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Oakland Artist Is Diversifying the Stained Glass Industry

BIPOC-owned studio finds success during the pandemic with CDFI funding help.

By Houreidja Tall

A typical day at Nzilani Glass Conservation could involve anything from photographing windows to restoring glass. As the only BIPOC-owned stained glass studio in the country, according to the Stained Glass Association of America, they're providing employment for a diverse group of artists in a traditionally heavily white industry.

 “When I was pursuing [glass conservation] as an interest, as an art, and then as a career, I didn't see myself reflected in it,” says Ariana Makau, the founder of Nzilani. That’s part of the reason why Makau is deliberate about making sure her team is diverse not only racially, but in terms of life experiences as well.

Recognizing that certain circumstances can serve as barriers to entering the industry, she makes sure to “acknowledge and appreciate that there are people who, by the nature of what they were presented in growing up, had constraints that had nothing to do with their ability and nothing to do with what their interests were. And they're equally qualified. It is this approach that grants a greater variety of people the opportunity to enter the glass conservation field through employment at Nzilani. 

Makau has found that having employees from different backgrounds allows people to approach their work at Nzilani from a unique perspective; one of her employees, for example, is a musician and finds that his background writing music translates surprisingly well to writing reports. “We say the only thing we can't train is interest and attention to detail,” Makau says “Everything else can be learned on the job.”

Nzilani works with both traditional and stained glass. They don’t replace the glass; they restore it. This involves consolidating and repairing broken or damaged glass. Nzilani’s clients vary from residential homes to monumental buildings.

In March 2020, Nzilani was on the verge of beginning a large project with a local church, but the onset of the pandemic delayed those plans due to safety concerns. Nzilani’s projects can take anywhere from 6-18 months to move from plans to the field, so in order to keep members of the team working during the pandemic, Nzilani temporarily pivoted to making cloth masks, drawing upon the experience staff all have wearing respirators at work sites. They were also able to use industry materials they had on hand, such as copper ties, to put together sturdy masks.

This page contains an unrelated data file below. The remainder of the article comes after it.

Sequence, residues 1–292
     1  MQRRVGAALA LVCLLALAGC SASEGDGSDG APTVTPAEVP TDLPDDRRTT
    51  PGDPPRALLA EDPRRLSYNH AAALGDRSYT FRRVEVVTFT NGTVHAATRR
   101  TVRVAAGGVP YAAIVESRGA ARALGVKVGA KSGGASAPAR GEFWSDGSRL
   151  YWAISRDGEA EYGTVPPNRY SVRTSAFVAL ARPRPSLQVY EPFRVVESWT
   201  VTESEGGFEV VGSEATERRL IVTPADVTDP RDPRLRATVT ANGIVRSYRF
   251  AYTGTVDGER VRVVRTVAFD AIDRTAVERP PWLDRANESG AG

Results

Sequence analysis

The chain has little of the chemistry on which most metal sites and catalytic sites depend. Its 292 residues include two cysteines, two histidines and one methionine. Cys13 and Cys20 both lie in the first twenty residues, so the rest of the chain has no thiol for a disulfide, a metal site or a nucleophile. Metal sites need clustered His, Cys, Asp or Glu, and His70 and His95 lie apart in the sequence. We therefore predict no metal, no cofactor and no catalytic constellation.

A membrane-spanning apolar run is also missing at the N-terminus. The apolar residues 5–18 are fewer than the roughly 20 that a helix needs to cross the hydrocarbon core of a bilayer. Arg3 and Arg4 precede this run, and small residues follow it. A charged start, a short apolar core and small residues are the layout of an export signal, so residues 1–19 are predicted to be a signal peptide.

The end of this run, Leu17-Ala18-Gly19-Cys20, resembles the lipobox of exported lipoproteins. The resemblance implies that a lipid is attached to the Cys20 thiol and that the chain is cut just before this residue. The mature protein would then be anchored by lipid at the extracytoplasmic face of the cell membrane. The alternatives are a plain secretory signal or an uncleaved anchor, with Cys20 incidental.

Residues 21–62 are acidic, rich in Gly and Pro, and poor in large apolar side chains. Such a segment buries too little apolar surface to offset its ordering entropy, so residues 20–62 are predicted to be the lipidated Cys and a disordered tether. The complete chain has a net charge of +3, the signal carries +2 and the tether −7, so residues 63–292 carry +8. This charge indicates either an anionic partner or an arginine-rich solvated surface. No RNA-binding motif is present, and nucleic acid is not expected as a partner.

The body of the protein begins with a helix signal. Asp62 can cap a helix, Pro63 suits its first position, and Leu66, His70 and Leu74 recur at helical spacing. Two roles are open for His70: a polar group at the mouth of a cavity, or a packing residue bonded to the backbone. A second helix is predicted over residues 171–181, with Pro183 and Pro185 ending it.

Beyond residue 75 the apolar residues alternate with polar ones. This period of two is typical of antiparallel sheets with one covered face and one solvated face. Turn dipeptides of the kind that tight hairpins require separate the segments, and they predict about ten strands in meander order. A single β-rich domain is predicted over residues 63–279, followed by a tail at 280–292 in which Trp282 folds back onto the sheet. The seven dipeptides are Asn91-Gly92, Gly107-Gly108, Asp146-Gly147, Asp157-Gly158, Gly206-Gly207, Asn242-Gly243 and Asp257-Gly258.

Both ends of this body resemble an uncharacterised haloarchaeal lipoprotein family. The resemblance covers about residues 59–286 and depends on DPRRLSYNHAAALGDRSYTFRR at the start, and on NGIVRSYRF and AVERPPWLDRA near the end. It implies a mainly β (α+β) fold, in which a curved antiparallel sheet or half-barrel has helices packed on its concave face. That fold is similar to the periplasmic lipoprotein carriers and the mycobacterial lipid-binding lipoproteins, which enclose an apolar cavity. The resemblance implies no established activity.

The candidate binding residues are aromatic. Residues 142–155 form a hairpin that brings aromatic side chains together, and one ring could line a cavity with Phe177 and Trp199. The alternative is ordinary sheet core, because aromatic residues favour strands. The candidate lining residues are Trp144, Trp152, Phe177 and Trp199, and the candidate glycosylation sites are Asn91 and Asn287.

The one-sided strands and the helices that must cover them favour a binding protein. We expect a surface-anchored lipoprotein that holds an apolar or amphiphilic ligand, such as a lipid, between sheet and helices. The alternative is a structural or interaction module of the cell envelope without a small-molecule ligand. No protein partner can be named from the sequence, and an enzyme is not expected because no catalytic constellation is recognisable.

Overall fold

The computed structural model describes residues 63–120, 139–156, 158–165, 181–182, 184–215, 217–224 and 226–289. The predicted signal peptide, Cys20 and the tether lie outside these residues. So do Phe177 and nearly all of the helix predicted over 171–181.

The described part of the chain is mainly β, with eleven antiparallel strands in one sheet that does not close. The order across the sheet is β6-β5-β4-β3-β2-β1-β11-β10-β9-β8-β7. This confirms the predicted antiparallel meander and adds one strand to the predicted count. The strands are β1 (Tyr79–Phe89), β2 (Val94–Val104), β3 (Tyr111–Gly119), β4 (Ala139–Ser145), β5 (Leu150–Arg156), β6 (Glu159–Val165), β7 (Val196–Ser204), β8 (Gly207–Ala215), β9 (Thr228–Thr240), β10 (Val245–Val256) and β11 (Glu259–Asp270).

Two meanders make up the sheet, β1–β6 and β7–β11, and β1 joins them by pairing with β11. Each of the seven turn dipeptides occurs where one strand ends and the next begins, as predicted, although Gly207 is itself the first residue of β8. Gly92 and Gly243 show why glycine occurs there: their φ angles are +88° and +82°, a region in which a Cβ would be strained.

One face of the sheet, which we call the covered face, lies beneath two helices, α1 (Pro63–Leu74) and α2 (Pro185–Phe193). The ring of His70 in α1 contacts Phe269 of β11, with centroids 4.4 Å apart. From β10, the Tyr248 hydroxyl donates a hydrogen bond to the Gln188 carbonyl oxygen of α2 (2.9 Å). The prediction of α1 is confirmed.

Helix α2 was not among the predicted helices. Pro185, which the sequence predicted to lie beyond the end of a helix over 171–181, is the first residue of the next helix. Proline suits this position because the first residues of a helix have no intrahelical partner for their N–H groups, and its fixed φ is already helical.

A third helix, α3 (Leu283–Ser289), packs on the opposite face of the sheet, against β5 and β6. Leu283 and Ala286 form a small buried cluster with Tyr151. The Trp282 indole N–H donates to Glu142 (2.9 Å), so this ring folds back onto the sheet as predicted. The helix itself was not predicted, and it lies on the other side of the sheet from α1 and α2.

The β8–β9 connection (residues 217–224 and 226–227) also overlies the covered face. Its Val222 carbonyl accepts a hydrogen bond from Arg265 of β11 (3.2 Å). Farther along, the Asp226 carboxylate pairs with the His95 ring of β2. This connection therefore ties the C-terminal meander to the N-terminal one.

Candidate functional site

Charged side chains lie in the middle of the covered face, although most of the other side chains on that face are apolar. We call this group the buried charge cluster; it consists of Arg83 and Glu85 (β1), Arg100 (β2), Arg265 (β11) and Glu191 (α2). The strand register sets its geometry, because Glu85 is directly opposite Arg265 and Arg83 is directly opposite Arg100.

“We were thinking about making something that would last a whole workday, if not longer, based on our experience,” Makau says. The production, where each person focused on one particular part of the production process, was similar in many ways to the stained glass production process. “We work really well as a team, so pivoting to doing something in a production line was very similar [in that] one person didn’t have to carry it from start to finish.” 

The business also received a loan from Pacific Community Ventures and other CDFIs to keep them afloat. The financial assistance provided by PCV and other organizations gave Nzilani the chance to pause, reflect and evaluate how to move forward. “The cushion of the [funding] is really beneficial for us to take a breather and not [have the] panic of like, ‘well, what are we going to do? What are we going to do now?’” she says.

Nzilani’s ability to remain flexible but focused as a team allowed them to weather the pandemic and keep all of their employees on the payroll. Now, as they’ve resumed working on the church project, things are looking up.

This story is part of our series, CDFI Futures, which explores the community development finance industry through the lenses of equity, public policy and inclusive community development. The series is developed in partnership with Next City.